VMware ESX 3.x Server Overview

VMware ESX Server is the foundation for every other piece of the virtualization package. It is the hypervisor, or main software layer that installs on the bare metal and allows everything above it to communicate with the hardware, to allow virtualization. When you install VMware ESX Server, you are actually installing two main components: the
VMkernel and the Service Console. The VMkernel is the base on which all other software in the package is built: the operating system. For those familiar with Linux, this would be the equivalent of (and is built from) the Linux kernel, without any other software.

The Service Console (or COS) is an alternative means of communicating with and configuring the VMkernel using standard Linux and VMware-specific commands to modify and adjust parameters. Typically, management will be done via the vCenter client; however, there may be cases where you find you can accomplish things more easily with the command line or need to use it because you can’t access vCenter.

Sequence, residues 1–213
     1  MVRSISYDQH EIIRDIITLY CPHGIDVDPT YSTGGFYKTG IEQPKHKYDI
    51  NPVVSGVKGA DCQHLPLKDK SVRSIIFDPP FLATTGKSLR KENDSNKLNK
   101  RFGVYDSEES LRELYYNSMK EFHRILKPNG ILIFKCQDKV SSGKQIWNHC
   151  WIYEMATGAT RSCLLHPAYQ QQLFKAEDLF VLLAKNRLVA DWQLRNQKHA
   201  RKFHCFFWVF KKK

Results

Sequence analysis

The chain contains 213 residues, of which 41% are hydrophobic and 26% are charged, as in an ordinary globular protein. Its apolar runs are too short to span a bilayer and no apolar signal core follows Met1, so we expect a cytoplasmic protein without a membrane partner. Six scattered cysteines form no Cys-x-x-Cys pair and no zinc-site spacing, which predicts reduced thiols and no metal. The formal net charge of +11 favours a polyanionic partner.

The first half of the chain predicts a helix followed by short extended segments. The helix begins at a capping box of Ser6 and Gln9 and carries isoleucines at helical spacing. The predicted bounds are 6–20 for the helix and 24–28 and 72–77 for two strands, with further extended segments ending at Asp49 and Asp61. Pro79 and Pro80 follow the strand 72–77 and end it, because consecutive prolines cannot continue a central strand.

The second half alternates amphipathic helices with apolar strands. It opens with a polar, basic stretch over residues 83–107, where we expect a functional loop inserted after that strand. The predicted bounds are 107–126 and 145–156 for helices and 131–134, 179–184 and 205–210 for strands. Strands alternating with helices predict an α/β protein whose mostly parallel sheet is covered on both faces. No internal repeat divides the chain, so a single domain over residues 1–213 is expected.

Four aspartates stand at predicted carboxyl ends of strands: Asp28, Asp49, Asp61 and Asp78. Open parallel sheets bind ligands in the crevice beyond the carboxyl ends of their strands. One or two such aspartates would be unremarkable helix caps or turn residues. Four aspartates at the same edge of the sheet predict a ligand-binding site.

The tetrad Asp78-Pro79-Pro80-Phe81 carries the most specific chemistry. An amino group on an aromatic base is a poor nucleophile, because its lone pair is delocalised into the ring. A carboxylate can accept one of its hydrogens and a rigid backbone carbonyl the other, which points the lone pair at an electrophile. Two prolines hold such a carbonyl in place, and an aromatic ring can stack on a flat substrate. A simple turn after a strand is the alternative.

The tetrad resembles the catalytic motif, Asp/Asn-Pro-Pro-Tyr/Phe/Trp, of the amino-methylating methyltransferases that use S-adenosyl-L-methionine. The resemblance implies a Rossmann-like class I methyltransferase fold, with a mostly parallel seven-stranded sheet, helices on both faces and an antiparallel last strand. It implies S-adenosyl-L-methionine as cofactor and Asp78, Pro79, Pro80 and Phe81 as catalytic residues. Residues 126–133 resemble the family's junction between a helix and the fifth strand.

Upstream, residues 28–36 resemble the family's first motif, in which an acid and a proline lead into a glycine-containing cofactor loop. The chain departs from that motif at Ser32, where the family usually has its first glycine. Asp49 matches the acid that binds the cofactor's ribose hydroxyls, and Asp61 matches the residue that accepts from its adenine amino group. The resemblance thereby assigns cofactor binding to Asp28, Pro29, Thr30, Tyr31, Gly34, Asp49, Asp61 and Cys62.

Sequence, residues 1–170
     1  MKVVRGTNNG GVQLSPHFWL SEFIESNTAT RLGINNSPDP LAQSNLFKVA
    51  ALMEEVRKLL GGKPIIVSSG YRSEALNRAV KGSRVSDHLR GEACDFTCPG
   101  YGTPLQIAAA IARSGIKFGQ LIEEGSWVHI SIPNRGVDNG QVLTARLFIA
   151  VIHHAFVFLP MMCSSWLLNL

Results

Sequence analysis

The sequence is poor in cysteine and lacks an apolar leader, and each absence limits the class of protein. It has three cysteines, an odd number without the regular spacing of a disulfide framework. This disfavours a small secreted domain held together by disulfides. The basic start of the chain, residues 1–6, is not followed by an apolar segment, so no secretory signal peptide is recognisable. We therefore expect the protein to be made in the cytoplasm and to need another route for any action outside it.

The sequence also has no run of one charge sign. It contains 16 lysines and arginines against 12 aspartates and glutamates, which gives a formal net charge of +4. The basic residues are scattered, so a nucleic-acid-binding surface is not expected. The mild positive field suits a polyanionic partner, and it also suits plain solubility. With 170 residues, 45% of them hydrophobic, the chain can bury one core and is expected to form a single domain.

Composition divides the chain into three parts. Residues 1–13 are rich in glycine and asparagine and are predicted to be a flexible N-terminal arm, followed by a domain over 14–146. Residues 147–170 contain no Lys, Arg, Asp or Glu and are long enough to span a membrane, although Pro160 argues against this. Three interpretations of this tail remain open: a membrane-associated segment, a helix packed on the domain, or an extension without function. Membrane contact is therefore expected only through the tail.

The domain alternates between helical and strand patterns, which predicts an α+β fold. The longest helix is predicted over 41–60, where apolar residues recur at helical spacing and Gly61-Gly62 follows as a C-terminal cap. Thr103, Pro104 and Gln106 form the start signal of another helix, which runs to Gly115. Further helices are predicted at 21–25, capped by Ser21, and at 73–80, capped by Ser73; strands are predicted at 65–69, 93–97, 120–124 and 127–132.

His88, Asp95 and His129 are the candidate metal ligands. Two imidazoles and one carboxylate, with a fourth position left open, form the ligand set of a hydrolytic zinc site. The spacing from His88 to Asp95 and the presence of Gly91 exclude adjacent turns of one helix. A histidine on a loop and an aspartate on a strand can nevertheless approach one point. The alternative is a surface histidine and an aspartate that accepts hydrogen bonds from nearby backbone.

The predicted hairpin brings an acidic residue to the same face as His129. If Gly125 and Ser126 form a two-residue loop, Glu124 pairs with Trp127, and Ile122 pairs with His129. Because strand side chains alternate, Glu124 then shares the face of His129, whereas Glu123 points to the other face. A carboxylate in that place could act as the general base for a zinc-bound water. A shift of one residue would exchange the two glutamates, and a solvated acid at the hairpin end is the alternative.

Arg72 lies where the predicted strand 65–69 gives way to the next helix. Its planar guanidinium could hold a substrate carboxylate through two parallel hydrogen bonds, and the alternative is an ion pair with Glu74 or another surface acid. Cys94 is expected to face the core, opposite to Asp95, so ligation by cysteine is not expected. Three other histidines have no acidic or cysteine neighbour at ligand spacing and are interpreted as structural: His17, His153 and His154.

VMware has designed ESX Server to run only on specific pieces of hardware and has removed support for any kinds of devices it is not interested in, thereby reducing the kernel code. What remains is a stripped-down, fast kernel and tool package with little to no extra overhead. This is one of the things that gives VMware an advantage over other virtualization technologies that require installation on top of a standard operating system, which will be filled with drivers and features you won’t need.

It’s important to verify the hardware on which you will be running your virtualized environment, as VMware doesn’t directly support smaller desktop-related hardware. However, everything that a server needs is well supported. This is a sleek operating system designed to put as little as possible between the virtual machines and the hardware.

Source of Information : Oreilly - VMware Cookbook (11-2009)


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